That was the first of three interceptions thrown by Wolverines quarterbacks, which sunk the nation’s worst turnover margin to a minus-10. Senior starter Devin Gardner (14-of-26 passing for 148 yards) was responsible for two of the interceptions, with the second one coming on his final play of the day with 13 minutes, 37 seconds remaining in the fourth quarter. Sophomore Shane Morris replaced him and threw an interception on his first drive. He also fumbled on the next drive after play resumed.
Hoke said it was too early to assess who his starting quarterback will be when the team starts Big Ten play next Saturday against Minnesota. Turnovers have been the biggest bugaboo thus far for Michigan, but the changes the Wolverines need, if Hoke is going to survive for a fifth season in Ann Arbor, are broader than one player.
“I don’t think there has to be an overhaul. I think it’s our execution, the little things that we need to do. And again, that starts here,” Hoke said, pointing to himself.
What is certain is the Wolverines are in need of a change. Michigan has lost seven of its past 11 games and three of its past four against FBS competition at Michigan Stadium. The program has trended steadily backward since its overtime victory over Virginia Tech at the Sugar Bowl in Hoke’s first season.
Michigan scheduled this home-and-home series with Utah the summer after that BCS victory. The fact that the Wolverines offered Utah $1 million to travel to Ann Arbor, the type of carrot big-time programs typically use to lure sacrificial lambs into their stadiums, speaks volumes about how much has changed since then. Hoke’s team is 17-13 in the past three years.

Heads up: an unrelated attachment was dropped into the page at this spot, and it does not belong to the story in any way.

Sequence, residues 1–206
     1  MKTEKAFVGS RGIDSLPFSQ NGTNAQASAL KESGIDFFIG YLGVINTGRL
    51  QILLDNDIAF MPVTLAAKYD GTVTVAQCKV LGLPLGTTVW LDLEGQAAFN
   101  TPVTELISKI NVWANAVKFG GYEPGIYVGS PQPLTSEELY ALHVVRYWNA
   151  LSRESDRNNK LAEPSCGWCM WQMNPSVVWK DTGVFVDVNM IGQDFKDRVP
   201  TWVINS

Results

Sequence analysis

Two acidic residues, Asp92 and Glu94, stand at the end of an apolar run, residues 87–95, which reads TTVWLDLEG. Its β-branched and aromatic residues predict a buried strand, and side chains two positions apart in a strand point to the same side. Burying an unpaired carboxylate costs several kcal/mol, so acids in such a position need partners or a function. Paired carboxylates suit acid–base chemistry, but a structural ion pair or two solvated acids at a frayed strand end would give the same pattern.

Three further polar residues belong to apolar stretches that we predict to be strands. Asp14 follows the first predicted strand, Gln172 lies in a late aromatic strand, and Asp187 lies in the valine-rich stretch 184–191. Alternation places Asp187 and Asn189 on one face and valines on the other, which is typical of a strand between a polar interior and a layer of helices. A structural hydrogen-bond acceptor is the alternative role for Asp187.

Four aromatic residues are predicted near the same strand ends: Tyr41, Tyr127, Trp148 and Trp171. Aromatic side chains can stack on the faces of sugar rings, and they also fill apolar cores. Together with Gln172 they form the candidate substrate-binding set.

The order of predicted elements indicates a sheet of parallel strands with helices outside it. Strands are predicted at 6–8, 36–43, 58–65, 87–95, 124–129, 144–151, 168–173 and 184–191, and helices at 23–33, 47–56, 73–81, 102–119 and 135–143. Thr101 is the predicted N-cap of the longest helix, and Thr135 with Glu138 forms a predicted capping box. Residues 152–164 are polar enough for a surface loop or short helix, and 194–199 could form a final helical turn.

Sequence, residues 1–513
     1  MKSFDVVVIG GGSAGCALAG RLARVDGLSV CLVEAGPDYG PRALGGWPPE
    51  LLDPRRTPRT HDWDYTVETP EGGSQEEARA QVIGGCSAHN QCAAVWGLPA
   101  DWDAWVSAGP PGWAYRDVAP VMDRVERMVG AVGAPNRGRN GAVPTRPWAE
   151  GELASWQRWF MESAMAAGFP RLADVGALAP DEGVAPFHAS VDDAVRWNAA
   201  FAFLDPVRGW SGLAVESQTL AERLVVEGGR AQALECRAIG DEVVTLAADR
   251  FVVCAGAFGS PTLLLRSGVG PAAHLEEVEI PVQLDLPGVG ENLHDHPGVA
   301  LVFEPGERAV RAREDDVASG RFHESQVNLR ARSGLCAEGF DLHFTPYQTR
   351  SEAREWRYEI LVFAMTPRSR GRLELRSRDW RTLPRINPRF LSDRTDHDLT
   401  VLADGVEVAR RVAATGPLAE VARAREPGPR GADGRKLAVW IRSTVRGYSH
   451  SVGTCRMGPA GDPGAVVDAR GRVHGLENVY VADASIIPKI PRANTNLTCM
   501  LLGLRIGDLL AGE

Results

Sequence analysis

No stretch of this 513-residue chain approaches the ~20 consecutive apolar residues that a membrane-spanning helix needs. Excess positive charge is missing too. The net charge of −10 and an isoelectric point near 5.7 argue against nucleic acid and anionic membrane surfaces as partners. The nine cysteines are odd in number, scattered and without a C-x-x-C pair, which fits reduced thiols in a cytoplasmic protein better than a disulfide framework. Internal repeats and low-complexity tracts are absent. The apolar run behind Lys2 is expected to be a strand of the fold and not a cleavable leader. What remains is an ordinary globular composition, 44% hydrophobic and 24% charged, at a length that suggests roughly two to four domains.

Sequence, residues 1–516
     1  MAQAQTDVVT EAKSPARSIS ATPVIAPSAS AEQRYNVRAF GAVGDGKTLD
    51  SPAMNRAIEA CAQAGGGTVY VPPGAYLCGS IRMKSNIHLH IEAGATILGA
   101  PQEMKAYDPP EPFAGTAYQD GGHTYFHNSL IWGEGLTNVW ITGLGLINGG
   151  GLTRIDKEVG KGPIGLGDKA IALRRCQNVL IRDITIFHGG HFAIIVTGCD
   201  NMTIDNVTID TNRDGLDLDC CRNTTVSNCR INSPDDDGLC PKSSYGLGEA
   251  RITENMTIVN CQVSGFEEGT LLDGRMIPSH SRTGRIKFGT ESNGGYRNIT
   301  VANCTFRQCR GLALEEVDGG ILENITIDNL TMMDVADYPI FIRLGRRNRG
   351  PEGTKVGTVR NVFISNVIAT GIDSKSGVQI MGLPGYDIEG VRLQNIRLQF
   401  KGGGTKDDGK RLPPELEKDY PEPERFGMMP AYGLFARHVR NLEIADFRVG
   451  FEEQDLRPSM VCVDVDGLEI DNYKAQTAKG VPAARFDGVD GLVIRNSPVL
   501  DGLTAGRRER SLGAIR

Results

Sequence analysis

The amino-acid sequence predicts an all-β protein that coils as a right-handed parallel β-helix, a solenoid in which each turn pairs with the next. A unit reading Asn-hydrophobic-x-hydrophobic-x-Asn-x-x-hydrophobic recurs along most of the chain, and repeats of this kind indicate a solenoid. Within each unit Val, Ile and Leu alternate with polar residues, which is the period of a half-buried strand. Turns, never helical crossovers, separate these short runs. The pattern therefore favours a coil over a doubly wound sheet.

“I don’t know if I have all the answers,” center Jack Miller said.
Doubt that anyone has the answers -- at least those outside the walls of Michigan’s locker room -- must be creeping in.
Hoke hasn’t lost control, or hope, yet. It’s still September, after all. He reminded his players after the game of the 1998 Michigan team he helped coach to a share of the Big Ten title after it lost its first two games.
Michigan has eight games remaining against teams from the Big Ten, a league that did a lot to bolster its reputation Saturday after two rocky weeks in nonconference play. Even an imperfect run through conference play -- perhaps capped with a win over rival Ohio State -- could be enough to inspire optimism for the future.
Hoke can still salvage the job he called his dream destination before it ever opened to him, but he’ll be fighting an uphill battle from here. Michigan has been sufficiently warned: The storm is coming.
Michigan's offense continues to spin its wheels this season, and things aren't peaceful for the Wolverines' defense, either.
Late in the first half of Saturday's game against Utah, Michigan defensive end Frank Clark sacked Utah's Kendal Thompson for a 13-yard loss. But the big play was somewhat mitigated by a 5-yard sideline interference penalty on the Wolverines.
Apparently, Mattison was at fault as cameras caught Hoke admonishing the veteran defensive coordinator to "get off the f---ing field." Mattison didn't take kindly to the rebuke and fired back at his boss.
Fun times in Ann Arbor.
BIG TEN SCOREBOARD
Final Iowa 24 Pittsburgh 20 Final Eastern Michigan 14 11 Michigan State 73 Final Western Illinois 7 Northwestern 24 Final Southern Illinois 13 Purdue 35 Final Bowling Green 17 19 Wisconsin 68 Final Maryland 34 Syracuse 20 Final Utah 26 Michigan 10 Final Rutgers 31 Navy 24 Final Massachusetts 7 Penn State 48 Final San Jose State 7 Minnesota 24 Final Texas State 35 Illinois 42 Final Indiana 31 18 Missouri 27 Final Miami (FL) 31 24 Nebraska 41